Monday, 25 May 2015

"Tex" Johnston barrel rolls the B707 Dash 80 prototype - Jet age - Recommended Aviation books #29


Bill Allen; "what did you think you were doing ?!!"
Tex Johnston; "selling airplanes!"

As part of the Dash 80s demonstration program, Bill Allen invited representatives of the Aircraft Industries Association and International Air Transport Association to the Seattle's 1955 Seafair and Gold Cup Hydroplane Races held on Lake Washington on August 6, 1955. The Dash-80 was scheduled to perform a simple flyover, but Boeing test pilot Alvin "Tex" Johnston instead performed a barrel roll to show off the jet airliner. The next day, Allen summoned Johnston to his office and told him not to perform such a maneuver again, Johnston's explanations that this was a safe 1G manoeuvre assertion that doing so was completely safe. Boeing Chief Test Pilot John Cashman stated that just before he piloted the maiden flight of the Boeing 777 on June 12, 1994, his last instructions from then Boeing President Phil Condit were "No rolls"
A single click to view here

 




 Review of the 'Jet Age' by William Holmes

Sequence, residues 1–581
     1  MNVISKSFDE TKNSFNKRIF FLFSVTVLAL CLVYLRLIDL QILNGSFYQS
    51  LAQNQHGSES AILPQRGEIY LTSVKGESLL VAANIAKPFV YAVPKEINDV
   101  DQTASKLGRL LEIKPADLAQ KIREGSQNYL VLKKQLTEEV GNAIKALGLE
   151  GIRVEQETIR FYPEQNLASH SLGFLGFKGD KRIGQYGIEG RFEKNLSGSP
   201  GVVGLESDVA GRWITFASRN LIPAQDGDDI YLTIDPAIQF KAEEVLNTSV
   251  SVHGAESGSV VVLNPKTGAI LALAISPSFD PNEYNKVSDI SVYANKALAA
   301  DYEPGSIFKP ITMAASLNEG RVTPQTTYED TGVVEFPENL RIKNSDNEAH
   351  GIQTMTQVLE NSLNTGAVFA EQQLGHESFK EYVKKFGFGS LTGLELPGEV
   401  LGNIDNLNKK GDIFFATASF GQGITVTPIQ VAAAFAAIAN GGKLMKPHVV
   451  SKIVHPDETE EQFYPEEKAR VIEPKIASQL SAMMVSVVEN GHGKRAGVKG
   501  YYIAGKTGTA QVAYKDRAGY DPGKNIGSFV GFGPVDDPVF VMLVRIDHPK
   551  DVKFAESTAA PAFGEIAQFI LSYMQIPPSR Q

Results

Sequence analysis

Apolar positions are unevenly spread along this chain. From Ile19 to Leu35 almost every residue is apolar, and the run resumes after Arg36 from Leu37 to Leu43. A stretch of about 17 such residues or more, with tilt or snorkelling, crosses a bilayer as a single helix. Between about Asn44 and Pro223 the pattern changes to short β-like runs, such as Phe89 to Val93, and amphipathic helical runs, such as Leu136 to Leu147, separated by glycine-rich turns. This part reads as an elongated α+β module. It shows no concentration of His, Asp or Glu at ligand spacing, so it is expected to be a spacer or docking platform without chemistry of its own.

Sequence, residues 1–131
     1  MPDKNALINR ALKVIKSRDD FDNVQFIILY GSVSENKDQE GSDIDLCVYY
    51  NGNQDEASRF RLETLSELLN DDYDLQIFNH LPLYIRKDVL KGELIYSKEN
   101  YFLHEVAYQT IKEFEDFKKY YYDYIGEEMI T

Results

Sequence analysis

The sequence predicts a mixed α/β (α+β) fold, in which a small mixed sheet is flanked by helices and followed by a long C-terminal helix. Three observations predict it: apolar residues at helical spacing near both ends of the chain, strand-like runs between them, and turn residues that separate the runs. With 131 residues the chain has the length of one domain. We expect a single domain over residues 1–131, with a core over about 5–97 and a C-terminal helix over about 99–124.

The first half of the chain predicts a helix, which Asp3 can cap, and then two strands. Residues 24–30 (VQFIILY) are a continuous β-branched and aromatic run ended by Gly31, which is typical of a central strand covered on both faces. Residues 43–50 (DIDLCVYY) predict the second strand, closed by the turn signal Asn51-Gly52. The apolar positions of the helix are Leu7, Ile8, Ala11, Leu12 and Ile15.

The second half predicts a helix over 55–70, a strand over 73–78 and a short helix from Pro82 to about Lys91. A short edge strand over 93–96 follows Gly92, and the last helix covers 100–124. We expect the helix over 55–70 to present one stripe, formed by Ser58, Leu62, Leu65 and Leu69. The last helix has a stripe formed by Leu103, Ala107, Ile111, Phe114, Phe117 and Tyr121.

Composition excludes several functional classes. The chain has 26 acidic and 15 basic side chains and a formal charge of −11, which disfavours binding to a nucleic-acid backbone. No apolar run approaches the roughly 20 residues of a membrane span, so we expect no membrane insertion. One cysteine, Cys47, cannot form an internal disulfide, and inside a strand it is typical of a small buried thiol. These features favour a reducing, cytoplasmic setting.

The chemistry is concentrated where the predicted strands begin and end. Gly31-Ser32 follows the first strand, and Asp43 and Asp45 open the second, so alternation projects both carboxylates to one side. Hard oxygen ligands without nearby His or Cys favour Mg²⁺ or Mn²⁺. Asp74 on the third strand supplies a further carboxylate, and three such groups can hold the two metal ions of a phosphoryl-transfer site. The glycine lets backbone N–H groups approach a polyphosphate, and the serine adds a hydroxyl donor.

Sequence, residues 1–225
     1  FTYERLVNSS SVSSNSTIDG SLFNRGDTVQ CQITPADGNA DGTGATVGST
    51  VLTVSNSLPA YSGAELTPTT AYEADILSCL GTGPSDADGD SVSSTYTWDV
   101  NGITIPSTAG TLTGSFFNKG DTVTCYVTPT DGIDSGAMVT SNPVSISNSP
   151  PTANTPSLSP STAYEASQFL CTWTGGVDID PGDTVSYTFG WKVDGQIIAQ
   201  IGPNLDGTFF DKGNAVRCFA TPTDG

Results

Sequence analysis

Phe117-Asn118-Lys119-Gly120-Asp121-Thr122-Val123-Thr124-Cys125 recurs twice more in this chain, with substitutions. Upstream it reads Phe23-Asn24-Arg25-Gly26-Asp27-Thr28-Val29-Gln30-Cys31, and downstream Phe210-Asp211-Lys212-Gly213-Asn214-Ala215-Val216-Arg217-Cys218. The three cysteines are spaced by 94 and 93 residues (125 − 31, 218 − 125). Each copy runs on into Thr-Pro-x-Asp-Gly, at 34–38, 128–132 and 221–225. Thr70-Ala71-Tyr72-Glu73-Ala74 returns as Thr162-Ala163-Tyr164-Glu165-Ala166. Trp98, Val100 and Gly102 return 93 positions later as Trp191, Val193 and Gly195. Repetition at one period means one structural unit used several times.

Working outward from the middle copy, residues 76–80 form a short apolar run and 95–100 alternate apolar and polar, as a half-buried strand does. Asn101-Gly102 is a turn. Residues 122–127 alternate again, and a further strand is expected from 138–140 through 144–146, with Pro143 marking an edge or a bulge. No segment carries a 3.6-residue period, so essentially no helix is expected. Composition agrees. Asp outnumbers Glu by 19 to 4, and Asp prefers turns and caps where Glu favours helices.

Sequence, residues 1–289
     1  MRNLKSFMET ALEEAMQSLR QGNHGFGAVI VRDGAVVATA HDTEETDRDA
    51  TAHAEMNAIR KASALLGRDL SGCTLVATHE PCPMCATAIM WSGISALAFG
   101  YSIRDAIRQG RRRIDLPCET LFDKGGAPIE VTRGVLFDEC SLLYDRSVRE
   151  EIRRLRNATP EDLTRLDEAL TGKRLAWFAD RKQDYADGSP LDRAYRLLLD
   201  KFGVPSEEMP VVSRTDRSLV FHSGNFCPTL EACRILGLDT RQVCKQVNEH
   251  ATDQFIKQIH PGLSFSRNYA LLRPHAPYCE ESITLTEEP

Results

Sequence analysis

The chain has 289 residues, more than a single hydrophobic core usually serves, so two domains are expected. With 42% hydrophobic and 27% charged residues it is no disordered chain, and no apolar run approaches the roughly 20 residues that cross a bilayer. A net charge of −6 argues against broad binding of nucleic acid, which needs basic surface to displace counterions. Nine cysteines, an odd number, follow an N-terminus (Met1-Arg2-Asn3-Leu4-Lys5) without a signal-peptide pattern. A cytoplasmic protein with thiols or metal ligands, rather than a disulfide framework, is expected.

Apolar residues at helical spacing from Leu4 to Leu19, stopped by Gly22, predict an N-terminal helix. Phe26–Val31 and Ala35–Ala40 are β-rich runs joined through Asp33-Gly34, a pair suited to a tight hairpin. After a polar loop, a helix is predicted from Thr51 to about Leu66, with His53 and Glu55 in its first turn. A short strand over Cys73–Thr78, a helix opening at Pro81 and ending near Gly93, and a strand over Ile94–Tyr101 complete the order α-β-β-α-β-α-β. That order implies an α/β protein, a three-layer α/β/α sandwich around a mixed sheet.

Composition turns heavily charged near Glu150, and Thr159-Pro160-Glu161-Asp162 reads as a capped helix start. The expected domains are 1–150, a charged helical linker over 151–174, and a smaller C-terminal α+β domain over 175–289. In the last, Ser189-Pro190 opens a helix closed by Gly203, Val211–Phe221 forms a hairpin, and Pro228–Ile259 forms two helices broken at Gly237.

.. The central narrative about the competition between Britain and America is clear from the subtitle, "The Comet, the 707 and The Race to Shrink the World." The British were the first to test a commercial airliner, the de Havilland Comet, in 1949. British Overseas Airway Corporation (BOAC) assigned the new aircraft to its Empire Service, and it began carrying paying passengers on regularly scheduled flights in May 1952. The American airline industry was satisfied with big, noisy, turbulent, uncomfortable propeller-driven aircraft--Boeing was the only manufacturer willing to bet the company on jet air travel, and its Dash 80 (the prototype of the famous 707) was years behind the Comet. The book is first and foremost about the race between de Havilland and Boeing, told from the perspective of national pride. From there, the story branches out in myriad directions. A second narrative summarizes the life and achievements of Geoffrey de Havilland, who endured personal tragedy (including the deaths of two of his three sons in company aircraft) to lead Britain into the jet age. The Americans in the story include Bill Boeing, who founded the eponymous company but left the airline industry in disgust in 1934 when the Roosevelt Adminstration broke his company into an aircraft manufacturer (Boeing Company), an airline (Boeing Air Transport, now United Airlines), and an engine manufacturer (today's United Technologies); Bill Allen, who bet the company on the 707 and later on the even larger 747; Howard Hughes (TWA), Eddie Rickenbacker (Eastern), and Juan Trippe (Pan Am), the leaders of the airlines who would decide whether the 707, the Douglas DC-8, or the Comet won the race to become the dominant aircraft of the jet age; and Tex Johnston, the Boeing test pilot and salesman-in-chief who famously barrel-rolled the Dash 80--twice--in a demonstration flight above Lake Washington in Seattle. The Comet was first out of the gate but turned out to be an aircraft too far ahead of its time--a fatal structural flaw caused by metal fatigure sometimes without warning caused the jetliner to disentegrate in the upper atmosphere, leading in 1952-53 to three mysterious high-altitude disasters that killed over 100 people. Part of Verhovek's story is about how the British swallowed their considerable national pride, grounded the Comet, and figured out what had gone wrong. Boeing learned from these tragic lessons and designed the 707 with a fuselage able to withstand a "guillotine test" without shredding. To tell the story of the "race to shrink the world," Verhovek disgresses to a number of interesting subtopics, including Boeing's invention of "the stewardess," (who was at first required to be an unmarried registered nurse), the first encounter between a British Mosquito and Germany's Me262 jet fighter near the end of World War II, the establishment of the American air mail industry, and the growth of commercial airlines in the United States in the 1930s. It's clear that Verhovek has a lot of passion for his subject and has taken the time to master its many interesting facets--it's as if Simon Winchester decided that he wanted to write about the aircraft. The result is a very readable book that I highly recommend.

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